The GEMINI Studies

The safety and efficacy of Entyvio are supported by the results of the GEMINI Studies. These Phase III studies involved 2,400 individuals with UC or CD who were recruited from nearly 40 countries.

Study Information

Click on STUDY DETAILS in the table below to find out more about each of the GEMINI studies.

Ulcerative Colitis

GEMINI I.5
 

895, moderately to severely active UC despite treatment with at least one conventional therapy or an anti-TNFα biologic.

GEMINI I was a phase III randomised, double blind, placebo-controlled study of vedolizumab induction and maintenance treatment in patients with active ulcerative colitis (UC). This pivotal study was conducted between 2008 and 2012 and involved 895 patients.5

Study results showed that vedolizumab met primary endpoints of improvement in clinical response (reduction in the Mayo Clinic score of ≥3 points and ≥30% from baseline, along with a decrease of at least 1 point on the rectal bleeding subscale or an absolute rectal bleeding score of 0 or 1) at 6 weeks and clinical remission (Mayo score of 2 or lower and no subscore higher than 1) at 52 weeks.1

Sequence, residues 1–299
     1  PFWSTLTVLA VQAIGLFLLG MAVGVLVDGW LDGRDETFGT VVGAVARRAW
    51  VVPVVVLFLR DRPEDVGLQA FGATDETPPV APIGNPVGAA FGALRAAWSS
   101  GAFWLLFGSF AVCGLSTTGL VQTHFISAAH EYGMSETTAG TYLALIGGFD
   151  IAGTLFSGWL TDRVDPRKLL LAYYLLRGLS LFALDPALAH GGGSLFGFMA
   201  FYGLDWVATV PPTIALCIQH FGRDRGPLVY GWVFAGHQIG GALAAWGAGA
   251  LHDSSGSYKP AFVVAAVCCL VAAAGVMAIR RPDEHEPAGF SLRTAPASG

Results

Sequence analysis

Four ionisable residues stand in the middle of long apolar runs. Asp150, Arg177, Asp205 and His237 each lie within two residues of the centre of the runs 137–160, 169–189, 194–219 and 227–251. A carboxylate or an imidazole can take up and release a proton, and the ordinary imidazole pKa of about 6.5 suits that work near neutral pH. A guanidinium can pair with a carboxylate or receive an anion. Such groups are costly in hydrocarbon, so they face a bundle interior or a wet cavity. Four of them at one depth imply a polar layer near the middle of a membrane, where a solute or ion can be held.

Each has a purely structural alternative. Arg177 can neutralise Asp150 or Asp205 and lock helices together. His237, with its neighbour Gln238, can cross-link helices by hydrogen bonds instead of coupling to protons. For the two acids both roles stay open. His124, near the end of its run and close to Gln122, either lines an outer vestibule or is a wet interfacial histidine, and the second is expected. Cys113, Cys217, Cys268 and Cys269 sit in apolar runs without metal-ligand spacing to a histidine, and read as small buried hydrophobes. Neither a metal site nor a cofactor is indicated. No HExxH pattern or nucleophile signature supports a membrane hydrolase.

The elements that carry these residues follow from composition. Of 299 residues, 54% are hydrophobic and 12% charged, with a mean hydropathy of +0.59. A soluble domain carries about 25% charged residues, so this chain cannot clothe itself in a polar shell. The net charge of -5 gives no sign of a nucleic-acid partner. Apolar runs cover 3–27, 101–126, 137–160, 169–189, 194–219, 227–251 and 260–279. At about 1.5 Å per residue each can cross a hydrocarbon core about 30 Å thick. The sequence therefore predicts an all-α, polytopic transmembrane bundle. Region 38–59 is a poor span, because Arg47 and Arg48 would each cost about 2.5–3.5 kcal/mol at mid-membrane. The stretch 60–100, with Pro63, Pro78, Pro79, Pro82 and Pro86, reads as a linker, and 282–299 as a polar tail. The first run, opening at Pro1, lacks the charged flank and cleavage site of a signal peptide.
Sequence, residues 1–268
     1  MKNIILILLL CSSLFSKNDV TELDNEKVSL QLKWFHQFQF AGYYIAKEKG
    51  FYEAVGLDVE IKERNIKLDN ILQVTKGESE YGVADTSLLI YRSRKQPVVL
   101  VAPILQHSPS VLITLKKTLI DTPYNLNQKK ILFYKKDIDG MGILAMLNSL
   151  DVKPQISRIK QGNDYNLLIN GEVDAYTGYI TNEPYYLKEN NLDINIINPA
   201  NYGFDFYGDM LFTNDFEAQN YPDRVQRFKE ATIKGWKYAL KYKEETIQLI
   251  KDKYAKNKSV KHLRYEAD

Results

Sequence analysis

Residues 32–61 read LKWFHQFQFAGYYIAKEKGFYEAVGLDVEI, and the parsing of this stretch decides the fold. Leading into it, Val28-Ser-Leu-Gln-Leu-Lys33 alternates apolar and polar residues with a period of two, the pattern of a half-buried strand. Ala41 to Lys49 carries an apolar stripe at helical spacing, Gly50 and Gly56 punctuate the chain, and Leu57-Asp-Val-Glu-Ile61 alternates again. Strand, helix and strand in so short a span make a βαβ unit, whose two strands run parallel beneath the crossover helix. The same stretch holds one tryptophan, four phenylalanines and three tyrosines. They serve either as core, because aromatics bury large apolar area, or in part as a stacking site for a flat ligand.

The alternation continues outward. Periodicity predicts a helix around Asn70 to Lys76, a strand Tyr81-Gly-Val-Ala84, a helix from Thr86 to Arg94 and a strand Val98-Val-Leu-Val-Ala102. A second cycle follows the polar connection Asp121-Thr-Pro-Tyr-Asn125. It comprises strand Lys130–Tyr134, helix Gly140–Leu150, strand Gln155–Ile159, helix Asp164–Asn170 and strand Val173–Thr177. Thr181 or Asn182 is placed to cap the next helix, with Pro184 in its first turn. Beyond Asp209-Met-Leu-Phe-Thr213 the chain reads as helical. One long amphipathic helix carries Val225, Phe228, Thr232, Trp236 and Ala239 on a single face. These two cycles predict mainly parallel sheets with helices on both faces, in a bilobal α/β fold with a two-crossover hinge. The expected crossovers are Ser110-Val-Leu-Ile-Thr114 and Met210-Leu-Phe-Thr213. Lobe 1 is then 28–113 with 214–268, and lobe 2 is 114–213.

A significantly greater proportion of patients receiving vedolizumab achieved mucosal healing (Mayo endoscopic subscore of 0 or 1) at 6 and 52 weeks, and steroid remission at 52 weeks, both secondary endpoints, as compared with placebo.1

In addition, a greater proportion of patients in the groups treated with vedolizumab maintained clinical response and demonstrated durable clinical remission, both secondary endpoints of the study.1

Crohn's

GEMINI II.6
 

1,115, moderately to severely active CD despite treatment with at least one conventional therapy or an anti-TNFα biologic.

GEMINI II was a phase III randomised, double blind, placebo-controlled study of vedolizumab induction and maintenance treatment in patients with active Crohn’s disease. This pivotal study was conducted between 2008 and 2012 and involved 1,115 patients.6

Results showed that vedolizumab demonstrated statistically significant improvements in the primary endpoint of clinical remission (Crohn’s disease activity index [CDAI] score ≤150 points) at 6 weeks and at 52 weeks compared to placebo.1